I notice that you receive a great amount of energy and creativity from pain. In my experience what I give my attention to is what I get more of in my life. Focus of attention seems to be very powerful.

    As Edward De Bono explained – we find what we are looking for.



    • alex robinson replied:

      Susan, this is a prime example of everything I have just written about. If you had spent 20 minutes sitting with whatever feelings came to the surface as you read my article you might have begun something important in your life. Instead you took ‘evasive action’ via your comment – it is exactly this sort of trite, ‘be happy’ crap that keeps people who are in desperate pain locked in their private hells – because if they try to speak of their legitimate feelings they get made fun of. Then their truth is forced to emerge via illness, accident or repeating trauma.

      Have you ever sat with happiness for twenty minutes and noticed that it is nothing like we are told it is? I have. I also sat for twenty minutes with the feeling of anger your comment aroused – and my anger taught me something.


  4. chiller replied:

    This is a very good practise Alex, i have been doing some similar thing , sitting with myself and thoughts and body , no distractions.
    i have noticed most people cannot really do this , they are addicted to distraction from tv, music, other people what is called being ”social, outgoing happy , exrtravert”, puttin on a ‘fake’smile and laughing like the fools around you does not make you a truly happy person, its just superficial.
    we have been conditioned by shows like ”friends” that social full-fill-ment is
    the end all of what you can achieve and need. And other tvprograms condition us that ”loners” are dangerous and evil people.
    it is all meant to let you never go inside , but stay on the surface hell on the boundary of yourself and others.

    You are right, daily reflection is like a medicinal excercise to reconnect to source and prevent futher disconenction from you body’s and mind’s personal subjective reality, wich should be the main point from wich to engange the world at large.


    • alex robinson replied:

      Well said chiller and I’m glad to hear you are taking a similar path. I am continually finding new benefits – one is simply an ability to ‘slow down’ – that feeling that you usually only get on holiday.

      I’ve also written about the way the media have made ‘loners’ into dangerous people – loners, quite often are alone because they have the ability to slow down & wander & wonder while everyone rushes by on the latest media-decided quest – who is really more dangerous?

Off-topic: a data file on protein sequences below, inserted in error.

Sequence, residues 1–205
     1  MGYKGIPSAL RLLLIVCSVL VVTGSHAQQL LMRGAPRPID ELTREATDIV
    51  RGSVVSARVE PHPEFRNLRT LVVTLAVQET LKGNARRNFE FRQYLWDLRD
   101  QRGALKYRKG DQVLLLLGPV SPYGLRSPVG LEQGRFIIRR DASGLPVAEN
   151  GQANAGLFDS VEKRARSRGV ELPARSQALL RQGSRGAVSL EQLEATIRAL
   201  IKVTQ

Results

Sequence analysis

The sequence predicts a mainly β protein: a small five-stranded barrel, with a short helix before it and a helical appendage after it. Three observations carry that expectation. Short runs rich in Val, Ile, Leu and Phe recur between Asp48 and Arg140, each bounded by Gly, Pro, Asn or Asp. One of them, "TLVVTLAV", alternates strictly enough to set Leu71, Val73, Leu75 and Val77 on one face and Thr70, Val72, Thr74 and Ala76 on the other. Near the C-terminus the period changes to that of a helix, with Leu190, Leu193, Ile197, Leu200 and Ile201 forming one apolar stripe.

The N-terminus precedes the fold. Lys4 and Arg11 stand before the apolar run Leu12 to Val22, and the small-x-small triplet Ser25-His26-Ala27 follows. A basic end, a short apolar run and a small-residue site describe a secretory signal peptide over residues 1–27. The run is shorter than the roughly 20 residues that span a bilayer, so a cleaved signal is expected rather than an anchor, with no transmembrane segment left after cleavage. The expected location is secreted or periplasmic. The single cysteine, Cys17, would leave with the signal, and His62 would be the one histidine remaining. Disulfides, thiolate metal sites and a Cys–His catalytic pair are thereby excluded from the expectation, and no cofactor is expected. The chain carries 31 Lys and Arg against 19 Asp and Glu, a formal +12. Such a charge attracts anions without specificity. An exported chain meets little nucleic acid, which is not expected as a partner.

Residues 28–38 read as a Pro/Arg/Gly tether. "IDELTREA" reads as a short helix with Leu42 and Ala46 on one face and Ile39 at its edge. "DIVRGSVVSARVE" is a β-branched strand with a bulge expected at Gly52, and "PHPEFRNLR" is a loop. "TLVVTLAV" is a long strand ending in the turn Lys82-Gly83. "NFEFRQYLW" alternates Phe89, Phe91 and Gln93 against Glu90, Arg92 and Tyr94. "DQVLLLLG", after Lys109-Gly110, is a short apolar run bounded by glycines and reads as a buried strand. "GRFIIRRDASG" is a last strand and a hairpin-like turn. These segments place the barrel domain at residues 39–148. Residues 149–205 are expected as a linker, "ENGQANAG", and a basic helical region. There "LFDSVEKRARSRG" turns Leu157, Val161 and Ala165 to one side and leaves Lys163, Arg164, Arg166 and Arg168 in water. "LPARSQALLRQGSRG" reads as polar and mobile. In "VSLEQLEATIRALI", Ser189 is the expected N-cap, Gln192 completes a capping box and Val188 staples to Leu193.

5. Michael Skaggs replied:

    Amazingly descriptive. I’m pretty darned sure I’ve done this recently in the quiet (well whatever quiet you can get in the damn city). Your right, that instinctive evasive “fight or flight” seems to kick in. Can’t wait to give it more focus! Thank you deeply for sharing.

    Cheer my friend.


  6. Stephanie cordelia butler replied:



    • alex robinson replied:

      Cheers Stephanie, compassion could be a good way to look at this – the ability to take time & sit with our own abandoned emotions is an act of great self-compassion


  7. Max replied:

    Regarding the “fight or flight” response there is one further reaction to be mentioned which I “choosed” when beeing in direct conflict with others:

    Refering to emotions:
    It’s always the same. People say things like “You don’t need to be afraid” as if this would take the fear away. Why can’t we show that we are in a “negative” mood? I got used to say that I am doing well when asked about how I feel, although this wouldn’t be the case. Such an answer simply serves to indirectly convey that I want to be left alone and to imply to the asking person that he or she doesn’t need to bother.


    • alex robinson replied:

      Hello Max, I think sitting with emotions, is a way of warming them up – wouldn’t want you to freeze :)

      If you showed that you were in a negative mood, you would quite likely scare people & then they might start to wonder if you were a loner …

      You must remember to always smile – actually that must be a real mind-fuck for our bodies – there they are trying to alert us to something or someone troubling to us & we plaster a smile on our faces & pretend to be happy about it – our bodies must think we are nuts!


  8. Tom replied:


    Have been checking in on your writings for a number of months. The synchronicity of it all is astounding. Now I understand. You are a practitioner. You get it. Thank you.


  9. tpems replied:

    Hi Alex –

    Long ago the person I loved the most was taken from me. I spent the next thirty years being very focused on my feelings of grief, rage, and horror. I didn’t just have them over for tea, I invited them to move in. My life was all about anger, loneliness and longing for what was not.

    Then someone gave me a different direction – the practice of appreciating the “grace of the moment” whatever that moment may be.

    It takes effort to find the positive. Despair and resentment are much, much easier to access. It took a while, but my life opened up.

    In “Lord of the Rings” there is a scene at the end when Sam and Frodo are stranded on a rock and Sam remembers the taste of strawberries, even in this most dreadful time. That was the “grace of the moment”.

    I wish that you could spend 20 minutes being pleased (not happy!) that someone you have never met, on the other side of the world, has been reading and enjoying your writing for a long time, and has been moved to respond. Not as part of the “cheering section”, but as honest feedback from my own experience, in the spirit of giving something of myself back to you.